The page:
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Many women leak urine or wet themselves when they cough, sneeze or exercise (this is called stress incontinence). While there are many treatments to try first, some women need to have surgery for this problem.

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What causes bladder control problems?

Bladder control problems are mainly caused by damage to pelvic floor muscles and the tissues that support them.

The floor of the pelvis is made up of layers of muscle and other tissues. These layers stretch like a hammock around the bladder and vagina from the tailbone at the back to the pubic bone in front. The pelvic floor muscles do a number of things, such as:

  • help to close off the bladder, the vagina (front passage) and the rectum (back passage); and
  • help to hold the bladder, the uterus (womb) and bowel in their proper place.

You can find out more about the pelvic floor muscles in the leaflet ”One in Three Women Who Ever Had a Baby Wet Themselves”. Bladder control problems can start when the pelvic floor muscles are made weaker by:

  • not keeping the muscles active;
  • being pregnant and giving birth;
  • constipation;
  • being overweight;
  • heavy lifting;
  • coughing that goes on for a long time (such as smoker’s cough or asthma); or
  • growing older.



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How can bladder control problems be treated?

The good news is that most women can control their bladder better by making their pelvic floor muscles stronger through training. The leaflet “Pelvic Floor Muscle Training for Women” tells you how. Your doctor, physiotherapist, or continence nurse advisor will also be able to help.


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When is surgery needed?

For a small number of women the more simple methods can fail to help with bladder control, and leaking urine can make day to day life difficult. In these cases surgery may be needed. Surgery should never be a first choice. All surgery has risks. You must discuss these risks with your surgeon.


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What should you ask your surgeon?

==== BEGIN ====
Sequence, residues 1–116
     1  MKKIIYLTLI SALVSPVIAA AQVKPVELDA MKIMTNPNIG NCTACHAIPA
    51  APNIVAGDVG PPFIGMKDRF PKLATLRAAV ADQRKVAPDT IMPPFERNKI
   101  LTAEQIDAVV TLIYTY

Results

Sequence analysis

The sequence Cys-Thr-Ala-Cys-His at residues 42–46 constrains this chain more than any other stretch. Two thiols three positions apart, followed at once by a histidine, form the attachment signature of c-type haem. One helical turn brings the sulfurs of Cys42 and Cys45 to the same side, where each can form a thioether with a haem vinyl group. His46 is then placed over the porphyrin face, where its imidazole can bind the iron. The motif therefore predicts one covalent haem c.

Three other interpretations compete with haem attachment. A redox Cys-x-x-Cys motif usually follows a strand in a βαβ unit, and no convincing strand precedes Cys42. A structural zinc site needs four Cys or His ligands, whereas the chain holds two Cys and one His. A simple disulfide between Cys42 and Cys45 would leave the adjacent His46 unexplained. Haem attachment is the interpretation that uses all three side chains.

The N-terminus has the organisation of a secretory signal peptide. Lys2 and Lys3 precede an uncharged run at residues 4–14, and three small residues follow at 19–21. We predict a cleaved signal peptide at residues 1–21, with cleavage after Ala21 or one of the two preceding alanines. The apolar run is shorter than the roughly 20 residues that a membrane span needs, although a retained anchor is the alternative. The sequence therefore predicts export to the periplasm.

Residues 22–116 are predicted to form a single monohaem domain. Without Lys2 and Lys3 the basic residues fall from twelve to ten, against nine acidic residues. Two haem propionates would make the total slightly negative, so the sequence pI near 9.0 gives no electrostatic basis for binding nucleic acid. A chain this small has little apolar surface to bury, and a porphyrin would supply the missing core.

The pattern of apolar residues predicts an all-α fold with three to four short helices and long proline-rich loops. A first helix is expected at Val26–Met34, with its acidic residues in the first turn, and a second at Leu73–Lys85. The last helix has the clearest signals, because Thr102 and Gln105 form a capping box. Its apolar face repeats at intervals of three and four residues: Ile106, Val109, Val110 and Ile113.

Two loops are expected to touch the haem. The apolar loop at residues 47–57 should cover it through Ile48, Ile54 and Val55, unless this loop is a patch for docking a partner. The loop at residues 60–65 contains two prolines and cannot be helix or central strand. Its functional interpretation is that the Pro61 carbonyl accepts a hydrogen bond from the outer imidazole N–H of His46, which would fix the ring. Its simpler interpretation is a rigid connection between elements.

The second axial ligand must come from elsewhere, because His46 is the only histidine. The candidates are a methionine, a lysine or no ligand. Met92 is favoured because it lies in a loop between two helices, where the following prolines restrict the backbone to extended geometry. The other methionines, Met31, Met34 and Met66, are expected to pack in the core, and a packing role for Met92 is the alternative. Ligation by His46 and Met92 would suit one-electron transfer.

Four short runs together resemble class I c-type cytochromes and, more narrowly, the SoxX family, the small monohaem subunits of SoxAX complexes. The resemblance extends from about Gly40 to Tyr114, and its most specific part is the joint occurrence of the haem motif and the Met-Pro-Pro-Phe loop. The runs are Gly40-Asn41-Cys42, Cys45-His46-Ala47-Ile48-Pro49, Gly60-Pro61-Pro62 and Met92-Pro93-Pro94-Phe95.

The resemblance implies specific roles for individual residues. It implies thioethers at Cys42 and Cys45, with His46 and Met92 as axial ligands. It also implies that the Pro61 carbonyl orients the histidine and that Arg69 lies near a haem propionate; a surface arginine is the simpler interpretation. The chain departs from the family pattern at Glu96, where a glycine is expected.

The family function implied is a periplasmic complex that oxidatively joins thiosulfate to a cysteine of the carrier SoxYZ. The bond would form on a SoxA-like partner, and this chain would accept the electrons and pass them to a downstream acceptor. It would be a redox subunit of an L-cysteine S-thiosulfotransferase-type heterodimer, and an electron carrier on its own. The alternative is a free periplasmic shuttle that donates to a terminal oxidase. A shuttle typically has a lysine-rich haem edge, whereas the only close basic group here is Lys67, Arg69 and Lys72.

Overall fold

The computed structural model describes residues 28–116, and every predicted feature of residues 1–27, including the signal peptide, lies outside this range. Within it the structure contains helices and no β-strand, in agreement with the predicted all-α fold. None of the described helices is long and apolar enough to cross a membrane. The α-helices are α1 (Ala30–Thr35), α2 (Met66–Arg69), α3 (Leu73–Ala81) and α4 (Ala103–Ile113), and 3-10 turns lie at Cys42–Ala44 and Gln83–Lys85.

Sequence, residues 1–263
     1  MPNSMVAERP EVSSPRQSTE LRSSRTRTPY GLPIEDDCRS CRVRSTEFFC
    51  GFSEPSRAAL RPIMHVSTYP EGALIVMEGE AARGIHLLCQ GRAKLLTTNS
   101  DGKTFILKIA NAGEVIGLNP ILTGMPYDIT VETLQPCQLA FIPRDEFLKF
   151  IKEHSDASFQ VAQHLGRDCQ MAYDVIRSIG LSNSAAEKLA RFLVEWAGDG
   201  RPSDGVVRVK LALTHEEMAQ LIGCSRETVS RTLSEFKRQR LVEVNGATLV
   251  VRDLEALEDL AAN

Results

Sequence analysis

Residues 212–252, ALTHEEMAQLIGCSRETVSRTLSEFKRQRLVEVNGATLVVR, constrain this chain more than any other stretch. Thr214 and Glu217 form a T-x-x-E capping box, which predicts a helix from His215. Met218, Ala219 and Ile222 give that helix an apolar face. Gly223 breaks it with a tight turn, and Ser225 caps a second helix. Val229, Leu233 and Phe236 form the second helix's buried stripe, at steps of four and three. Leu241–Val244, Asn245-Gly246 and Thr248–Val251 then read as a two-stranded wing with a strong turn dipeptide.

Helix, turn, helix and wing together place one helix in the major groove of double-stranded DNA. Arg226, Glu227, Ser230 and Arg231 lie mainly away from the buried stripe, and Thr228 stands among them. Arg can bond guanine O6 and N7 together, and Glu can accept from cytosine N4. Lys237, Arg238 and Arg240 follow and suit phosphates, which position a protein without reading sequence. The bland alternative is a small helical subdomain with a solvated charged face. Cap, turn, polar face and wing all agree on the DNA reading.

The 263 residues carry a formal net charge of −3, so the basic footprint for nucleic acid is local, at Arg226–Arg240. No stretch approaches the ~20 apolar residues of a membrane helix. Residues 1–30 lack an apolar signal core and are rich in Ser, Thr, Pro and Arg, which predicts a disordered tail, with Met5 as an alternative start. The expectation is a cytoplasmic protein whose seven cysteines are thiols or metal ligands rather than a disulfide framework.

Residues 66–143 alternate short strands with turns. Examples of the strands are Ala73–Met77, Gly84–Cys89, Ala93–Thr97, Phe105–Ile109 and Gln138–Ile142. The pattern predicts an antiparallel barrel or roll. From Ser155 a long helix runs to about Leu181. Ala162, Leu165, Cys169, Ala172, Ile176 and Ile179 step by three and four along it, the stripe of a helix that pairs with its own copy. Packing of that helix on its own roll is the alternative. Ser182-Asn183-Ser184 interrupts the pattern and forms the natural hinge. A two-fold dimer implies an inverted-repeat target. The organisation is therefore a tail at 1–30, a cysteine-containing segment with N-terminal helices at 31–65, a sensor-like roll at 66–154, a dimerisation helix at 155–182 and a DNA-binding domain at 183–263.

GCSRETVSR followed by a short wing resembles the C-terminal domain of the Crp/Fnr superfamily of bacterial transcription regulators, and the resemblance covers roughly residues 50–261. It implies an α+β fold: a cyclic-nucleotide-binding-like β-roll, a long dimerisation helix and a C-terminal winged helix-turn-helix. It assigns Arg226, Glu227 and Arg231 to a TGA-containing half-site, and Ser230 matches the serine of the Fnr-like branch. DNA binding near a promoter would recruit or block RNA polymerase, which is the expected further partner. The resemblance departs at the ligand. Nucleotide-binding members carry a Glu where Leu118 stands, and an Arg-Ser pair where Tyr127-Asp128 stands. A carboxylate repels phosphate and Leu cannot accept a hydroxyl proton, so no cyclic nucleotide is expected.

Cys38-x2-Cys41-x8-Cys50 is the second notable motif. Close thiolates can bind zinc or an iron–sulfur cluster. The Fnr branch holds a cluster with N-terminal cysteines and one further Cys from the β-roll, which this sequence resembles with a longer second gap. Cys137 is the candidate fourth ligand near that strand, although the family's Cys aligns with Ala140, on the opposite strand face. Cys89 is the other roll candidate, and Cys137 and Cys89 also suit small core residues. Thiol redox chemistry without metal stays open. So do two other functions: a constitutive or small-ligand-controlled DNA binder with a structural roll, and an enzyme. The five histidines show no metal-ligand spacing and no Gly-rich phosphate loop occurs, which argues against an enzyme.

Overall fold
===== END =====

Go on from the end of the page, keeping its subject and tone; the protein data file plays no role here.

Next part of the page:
Before agreeing to surgery, you should talk about it fully with your surgeon. Make a list of questions that you want to ask. These could cover:

  • why this type of surgery has been chosen for you;
  • how well will it work;
  • what are the details of the surgery;
  • what are the problems that could occur, both short and long term;
  • what sort of scar will be left, what sort of pain will you have;
  • how much time off work will you need to take;
  • how much will it cost; and
  • how long will the effects last?


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Seek help

Qualified nurses are available if you call the National Continence Helpline on 1800 33 00 66* (Monday to Friday, between 8.00am to 8.00pm Australian Eastern Standard Time) for free:

  • Information;
  • Advice; and
  • Leaflets.

If you have difficulty speaking or understanding English you can access the Helpline through the free Telephone Interpreter Service on 13 14 50. The phone will be answered in English, so please name the language you speak and wait on the phone. You will be connected to an interpreter who speaks your language. Tell the interpreter you wish to call the National Continence Helpline on 1800 33 00 66. Wait on the phone to be connected and the interpreter will assist you to speak with a continence nurse advisor. All calls are confidential.

* Calls from mobile telephones are charged at applicable rates.


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Last Updated: Fri 30, Jul 2021
Last Reviewed: Tue 17, Mar 2020